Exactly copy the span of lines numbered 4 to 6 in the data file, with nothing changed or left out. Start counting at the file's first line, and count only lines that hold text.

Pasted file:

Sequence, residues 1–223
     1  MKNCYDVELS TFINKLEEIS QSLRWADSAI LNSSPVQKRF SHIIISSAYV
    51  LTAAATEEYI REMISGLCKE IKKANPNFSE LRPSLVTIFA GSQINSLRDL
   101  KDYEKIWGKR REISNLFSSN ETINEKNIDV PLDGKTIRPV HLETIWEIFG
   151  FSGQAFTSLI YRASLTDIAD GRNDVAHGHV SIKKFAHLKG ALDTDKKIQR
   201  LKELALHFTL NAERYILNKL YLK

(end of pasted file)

   101  KDYEKIWGKR REISNLFSSN ETINEKNIDV PLDGKTIRPV HLETIWEIFG
   151  FSGQAFTSLI YRASLTDIAD GRNDVAHGHV SIKKFAHLKG ALDTDKKIQR
   201  LKELALHFTL NAERYILNKL YLK